Leading Up to The Fall of the Berlin Wall
In 1985, Mikhail Gorbachev took control of the Soviet Union. He realized that the old Soviet ways were choking the economy of the USSR and all the other Eastern Bloc countries. He instituted several policies meant to stimulate economic reform. One such policy, glasnost, allowed Soviet citizens greater opportunity to voice discontent with their government. Whatever his goals, Gorbachev had opened the crack that would eventually bring down the Berlin Wall and the Soviet Union itself.
The first hammer blow to the Berlin Wall was the Sinatra Doctrine. Formerly, the Soviets had ruled over their Eastern Bloc allies closely, forcing them into lockstep with Soviet communist policy. The Sinatra Doctrine (named after singer Frank Sinatra's famous song "My Way") allowed the Eastern Bloc governments to make their own decisions to a far greater extent. This led directly to the second hammer blow: the opening of the Hungarian border.
Hungary, like all other Eastern Bloc nations, had maintained a closed border with its western neighbor, Austria, as part of the Iron Curtain. In 1989, Hungary began to allow people free passage to Austria. East Germans quickly realized that they could freely travel to Hungary, since it was an Eastern Bloc nation, and from there they could escape to the West. Trainloads of them crossed the border, thousands every day. East German efforts to put a stop to it were futile. Meanwhile, opposition to Soviet rule was growing in other places, such as Poland and Czechoslovakia.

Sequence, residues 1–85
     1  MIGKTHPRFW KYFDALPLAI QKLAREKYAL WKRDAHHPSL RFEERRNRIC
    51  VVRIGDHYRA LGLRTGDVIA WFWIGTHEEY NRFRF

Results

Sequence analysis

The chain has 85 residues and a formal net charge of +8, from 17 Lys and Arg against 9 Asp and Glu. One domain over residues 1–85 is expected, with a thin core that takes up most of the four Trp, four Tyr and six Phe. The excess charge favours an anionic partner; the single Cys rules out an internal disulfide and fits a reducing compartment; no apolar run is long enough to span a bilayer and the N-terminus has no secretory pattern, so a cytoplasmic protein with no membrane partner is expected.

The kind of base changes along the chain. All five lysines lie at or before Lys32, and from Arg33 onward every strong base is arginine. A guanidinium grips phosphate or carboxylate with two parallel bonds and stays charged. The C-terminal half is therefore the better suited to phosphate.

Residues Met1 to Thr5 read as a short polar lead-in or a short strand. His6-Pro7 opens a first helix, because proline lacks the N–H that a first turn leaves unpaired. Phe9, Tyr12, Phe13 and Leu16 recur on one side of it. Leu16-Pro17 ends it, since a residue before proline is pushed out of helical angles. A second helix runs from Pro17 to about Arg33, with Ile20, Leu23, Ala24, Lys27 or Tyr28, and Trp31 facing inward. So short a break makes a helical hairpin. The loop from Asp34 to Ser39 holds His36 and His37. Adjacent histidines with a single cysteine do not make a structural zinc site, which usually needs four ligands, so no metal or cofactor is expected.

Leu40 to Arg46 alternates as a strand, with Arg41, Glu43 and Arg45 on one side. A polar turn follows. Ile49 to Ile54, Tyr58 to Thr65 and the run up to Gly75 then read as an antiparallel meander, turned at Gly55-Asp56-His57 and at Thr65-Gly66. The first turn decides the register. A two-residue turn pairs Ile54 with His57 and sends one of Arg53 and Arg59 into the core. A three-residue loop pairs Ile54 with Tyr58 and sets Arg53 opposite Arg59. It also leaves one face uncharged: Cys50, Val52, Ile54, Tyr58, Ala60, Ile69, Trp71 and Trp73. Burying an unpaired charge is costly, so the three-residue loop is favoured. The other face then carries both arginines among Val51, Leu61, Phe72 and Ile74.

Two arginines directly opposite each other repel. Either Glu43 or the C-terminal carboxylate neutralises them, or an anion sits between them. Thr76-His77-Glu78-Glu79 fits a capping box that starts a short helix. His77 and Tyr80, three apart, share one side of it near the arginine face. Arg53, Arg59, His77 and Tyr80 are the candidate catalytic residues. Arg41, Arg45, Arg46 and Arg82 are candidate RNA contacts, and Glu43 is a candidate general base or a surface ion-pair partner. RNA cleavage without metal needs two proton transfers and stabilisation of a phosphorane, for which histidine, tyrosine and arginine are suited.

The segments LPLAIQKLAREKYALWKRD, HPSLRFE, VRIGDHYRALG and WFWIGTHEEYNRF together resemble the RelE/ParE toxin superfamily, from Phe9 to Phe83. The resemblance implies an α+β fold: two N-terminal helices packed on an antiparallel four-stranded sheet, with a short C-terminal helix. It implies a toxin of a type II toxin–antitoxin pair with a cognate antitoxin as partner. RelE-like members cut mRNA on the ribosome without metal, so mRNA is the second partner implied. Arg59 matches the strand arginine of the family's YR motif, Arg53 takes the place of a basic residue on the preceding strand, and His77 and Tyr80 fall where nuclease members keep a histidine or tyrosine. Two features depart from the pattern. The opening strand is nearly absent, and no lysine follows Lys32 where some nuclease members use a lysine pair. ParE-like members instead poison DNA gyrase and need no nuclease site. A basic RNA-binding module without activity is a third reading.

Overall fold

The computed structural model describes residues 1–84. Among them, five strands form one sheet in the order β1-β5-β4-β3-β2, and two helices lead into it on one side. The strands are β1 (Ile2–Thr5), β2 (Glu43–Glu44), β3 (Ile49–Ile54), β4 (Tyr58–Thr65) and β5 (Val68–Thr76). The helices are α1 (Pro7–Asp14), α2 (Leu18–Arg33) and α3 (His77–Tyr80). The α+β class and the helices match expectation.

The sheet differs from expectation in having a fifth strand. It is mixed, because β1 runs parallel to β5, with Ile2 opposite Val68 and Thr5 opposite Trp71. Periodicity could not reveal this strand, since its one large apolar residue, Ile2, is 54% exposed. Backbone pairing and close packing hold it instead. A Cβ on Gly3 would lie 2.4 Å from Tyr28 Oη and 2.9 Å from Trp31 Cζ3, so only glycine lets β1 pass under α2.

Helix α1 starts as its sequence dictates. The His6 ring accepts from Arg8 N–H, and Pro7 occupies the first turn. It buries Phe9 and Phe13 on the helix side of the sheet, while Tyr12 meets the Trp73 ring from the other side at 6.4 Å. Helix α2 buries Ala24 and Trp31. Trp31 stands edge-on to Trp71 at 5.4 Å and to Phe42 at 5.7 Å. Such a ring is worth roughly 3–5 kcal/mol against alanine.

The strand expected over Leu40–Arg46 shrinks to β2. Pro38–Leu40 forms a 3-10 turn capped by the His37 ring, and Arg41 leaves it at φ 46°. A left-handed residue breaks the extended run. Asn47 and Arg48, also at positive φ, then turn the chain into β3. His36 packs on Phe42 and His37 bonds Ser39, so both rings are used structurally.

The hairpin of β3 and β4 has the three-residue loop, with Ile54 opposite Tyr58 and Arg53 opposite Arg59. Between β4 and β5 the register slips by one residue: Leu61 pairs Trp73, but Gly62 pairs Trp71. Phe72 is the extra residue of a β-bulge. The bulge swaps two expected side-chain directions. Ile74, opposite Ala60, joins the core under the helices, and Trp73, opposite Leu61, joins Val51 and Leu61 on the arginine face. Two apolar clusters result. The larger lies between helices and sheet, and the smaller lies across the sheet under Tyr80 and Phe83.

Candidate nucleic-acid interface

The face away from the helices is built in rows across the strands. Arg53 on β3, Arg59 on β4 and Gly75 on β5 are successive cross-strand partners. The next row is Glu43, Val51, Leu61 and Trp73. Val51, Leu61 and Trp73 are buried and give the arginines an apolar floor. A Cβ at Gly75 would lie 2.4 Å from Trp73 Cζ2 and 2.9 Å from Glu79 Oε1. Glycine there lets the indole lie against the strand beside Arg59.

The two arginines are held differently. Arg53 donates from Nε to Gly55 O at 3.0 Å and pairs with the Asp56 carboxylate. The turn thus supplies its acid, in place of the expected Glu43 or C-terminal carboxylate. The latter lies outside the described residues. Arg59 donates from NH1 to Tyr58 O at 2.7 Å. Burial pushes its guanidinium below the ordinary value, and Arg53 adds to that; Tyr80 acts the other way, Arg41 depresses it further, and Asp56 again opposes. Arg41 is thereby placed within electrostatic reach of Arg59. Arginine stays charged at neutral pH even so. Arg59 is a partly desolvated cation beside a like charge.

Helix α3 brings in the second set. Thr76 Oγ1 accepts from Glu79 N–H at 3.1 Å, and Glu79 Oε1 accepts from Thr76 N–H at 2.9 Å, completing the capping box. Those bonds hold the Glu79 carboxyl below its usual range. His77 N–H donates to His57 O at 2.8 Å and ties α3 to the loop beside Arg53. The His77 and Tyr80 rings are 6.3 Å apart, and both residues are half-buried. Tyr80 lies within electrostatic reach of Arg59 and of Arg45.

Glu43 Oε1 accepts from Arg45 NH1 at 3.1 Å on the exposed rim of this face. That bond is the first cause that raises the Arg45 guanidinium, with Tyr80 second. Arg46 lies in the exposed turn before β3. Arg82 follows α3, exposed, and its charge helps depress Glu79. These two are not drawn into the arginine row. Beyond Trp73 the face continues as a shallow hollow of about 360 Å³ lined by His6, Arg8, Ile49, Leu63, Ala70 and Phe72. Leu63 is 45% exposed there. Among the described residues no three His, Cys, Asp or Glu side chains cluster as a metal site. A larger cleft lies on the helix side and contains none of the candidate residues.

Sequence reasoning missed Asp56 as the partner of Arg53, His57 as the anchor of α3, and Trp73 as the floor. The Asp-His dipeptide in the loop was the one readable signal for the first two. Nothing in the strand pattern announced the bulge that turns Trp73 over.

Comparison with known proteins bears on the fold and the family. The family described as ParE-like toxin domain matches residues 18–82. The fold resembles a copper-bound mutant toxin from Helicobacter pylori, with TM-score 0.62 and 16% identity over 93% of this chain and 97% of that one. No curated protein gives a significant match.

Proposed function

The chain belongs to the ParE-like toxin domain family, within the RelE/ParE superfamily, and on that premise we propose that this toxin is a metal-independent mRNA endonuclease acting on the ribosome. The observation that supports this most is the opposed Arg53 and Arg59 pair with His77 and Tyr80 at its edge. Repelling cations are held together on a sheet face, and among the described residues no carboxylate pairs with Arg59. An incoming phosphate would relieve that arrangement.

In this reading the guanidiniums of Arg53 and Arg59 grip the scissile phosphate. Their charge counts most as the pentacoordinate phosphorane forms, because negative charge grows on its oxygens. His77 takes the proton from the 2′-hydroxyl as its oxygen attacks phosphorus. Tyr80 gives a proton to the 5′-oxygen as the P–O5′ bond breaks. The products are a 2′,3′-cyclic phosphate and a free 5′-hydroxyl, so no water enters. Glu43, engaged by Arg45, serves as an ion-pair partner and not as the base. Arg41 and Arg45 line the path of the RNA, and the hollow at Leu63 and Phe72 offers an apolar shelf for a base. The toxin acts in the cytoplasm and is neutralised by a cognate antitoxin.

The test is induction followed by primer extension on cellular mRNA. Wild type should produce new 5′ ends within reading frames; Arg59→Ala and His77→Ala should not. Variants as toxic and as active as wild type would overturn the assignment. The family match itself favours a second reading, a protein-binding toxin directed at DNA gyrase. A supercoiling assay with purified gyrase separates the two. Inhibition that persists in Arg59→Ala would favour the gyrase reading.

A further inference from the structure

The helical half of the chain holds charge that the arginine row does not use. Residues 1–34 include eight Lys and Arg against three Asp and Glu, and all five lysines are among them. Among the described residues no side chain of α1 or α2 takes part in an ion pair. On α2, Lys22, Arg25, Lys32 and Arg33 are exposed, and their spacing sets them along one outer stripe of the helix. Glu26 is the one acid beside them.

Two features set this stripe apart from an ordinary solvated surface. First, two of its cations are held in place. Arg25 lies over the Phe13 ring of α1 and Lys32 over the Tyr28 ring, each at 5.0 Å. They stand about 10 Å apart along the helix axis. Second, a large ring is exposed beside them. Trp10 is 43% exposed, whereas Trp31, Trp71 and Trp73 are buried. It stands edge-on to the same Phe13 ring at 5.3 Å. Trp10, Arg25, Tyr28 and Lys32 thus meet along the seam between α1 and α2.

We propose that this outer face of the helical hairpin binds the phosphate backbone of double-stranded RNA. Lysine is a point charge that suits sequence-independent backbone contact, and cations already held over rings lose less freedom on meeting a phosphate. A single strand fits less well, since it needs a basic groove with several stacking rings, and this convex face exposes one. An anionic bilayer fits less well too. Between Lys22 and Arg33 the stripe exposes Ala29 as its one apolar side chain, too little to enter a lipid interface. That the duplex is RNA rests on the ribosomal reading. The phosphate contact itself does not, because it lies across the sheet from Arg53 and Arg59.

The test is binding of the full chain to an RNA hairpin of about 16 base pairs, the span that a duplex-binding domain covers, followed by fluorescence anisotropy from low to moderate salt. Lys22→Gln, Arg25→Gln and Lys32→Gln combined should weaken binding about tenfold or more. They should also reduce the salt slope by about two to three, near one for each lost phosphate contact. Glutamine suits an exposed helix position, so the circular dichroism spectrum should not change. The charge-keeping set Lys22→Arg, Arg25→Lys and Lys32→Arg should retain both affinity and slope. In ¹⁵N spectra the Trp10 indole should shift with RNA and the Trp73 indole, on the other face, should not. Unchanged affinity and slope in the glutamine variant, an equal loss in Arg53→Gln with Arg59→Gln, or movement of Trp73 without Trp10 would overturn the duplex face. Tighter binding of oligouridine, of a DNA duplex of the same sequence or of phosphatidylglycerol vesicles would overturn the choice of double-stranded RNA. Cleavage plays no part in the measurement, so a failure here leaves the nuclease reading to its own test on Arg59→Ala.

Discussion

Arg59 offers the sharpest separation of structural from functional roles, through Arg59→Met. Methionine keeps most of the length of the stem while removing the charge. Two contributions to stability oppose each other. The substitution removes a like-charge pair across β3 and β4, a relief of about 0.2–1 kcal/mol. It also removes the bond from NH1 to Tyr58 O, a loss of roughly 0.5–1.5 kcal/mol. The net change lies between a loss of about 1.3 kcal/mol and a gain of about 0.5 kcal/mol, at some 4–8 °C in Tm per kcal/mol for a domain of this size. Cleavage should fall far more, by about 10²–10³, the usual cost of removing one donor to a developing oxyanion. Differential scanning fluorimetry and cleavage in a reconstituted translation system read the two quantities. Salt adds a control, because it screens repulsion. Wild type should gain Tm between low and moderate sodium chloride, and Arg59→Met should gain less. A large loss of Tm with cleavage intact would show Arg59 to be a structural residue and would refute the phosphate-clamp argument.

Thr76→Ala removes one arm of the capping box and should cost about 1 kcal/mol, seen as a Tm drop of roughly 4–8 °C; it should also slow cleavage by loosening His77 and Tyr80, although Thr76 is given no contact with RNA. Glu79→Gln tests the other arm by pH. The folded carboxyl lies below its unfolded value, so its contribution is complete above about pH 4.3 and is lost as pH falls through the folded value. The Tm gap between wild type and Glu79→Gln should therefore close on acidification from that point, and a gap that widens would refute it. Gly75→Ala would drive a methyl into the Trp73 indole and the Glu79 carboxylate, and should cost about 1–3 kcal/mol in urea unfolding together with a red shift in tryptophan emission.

The third hammer blow fell inside the churches of East Germany. In most East German cities (especially Leipzig), small groups gathered to discuss opposition to the Soviets and to hold small protests. The small protests grew. Soon, every city in East Germany was thronged with peaceful protesters in the tens of thousands. In East Berlin, a group of intellectuals and students formed a group called Neues Forum (New Forum) that pressed for reforms within East Germany. Yet East Germany's leader at the time, Erich Honecker, was a hard-line communist who refused to consider reform as an option. Honecker was eventually replaced by party leaders with a more liberal communist. The marches in East Berlin were 500,000 strong by then. It was clear to all observers that a momentous event was going to occur: Freedom was going to win the Cold War.